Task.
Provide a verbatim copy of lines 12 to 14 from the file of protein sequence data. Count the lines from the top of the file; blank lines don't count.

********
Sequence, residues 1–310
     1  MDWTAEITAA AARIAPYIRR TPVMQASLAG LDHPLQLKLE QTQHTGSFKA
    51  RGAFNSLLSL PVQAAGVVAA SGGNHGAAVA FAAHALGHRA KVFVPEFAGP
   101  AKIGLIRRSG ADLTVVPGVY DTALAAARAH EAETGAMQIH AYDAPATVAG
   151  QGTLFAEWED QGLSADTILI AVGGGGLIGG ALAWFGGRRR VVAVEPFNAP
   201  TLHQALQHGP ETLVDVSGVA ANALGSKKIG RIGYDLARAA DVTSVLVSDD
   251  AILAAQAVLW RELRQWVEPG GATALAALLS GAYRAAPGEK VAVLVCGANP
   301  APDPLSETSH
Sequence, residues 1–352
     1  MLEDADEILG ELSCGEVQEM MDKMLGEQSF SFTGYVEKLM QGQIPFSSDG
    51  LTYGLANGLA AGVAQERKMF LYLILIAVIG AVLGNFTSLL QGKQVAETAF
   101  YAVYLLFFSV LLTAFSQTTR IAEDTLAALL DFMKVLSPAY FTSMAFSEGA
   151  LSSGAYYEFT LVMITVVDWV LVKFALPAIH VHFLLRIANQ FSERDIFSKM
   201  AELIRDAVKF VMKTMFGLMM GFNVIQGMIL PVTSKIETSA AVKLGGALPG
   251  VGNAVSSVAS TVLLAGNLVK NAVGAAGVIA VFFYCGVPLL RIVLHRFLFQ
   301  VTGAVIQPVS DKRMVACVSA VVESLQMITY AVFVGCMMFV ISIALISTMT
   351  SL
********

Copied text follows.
   101  YAVYLLFFSV LLTAFSQTTR IAEDTLAALL DFMKVLSPAY FTSMAFSEGA
   151  LSSGAYYEFT LVMITVVDWV LVKFALPAIH VHFLLRIANQ FSERDIFSKM
   201  AELIRDAVKF VMKTMFGLMM GFNVIQGMIL PVTSKIETSA AVKLGGALPG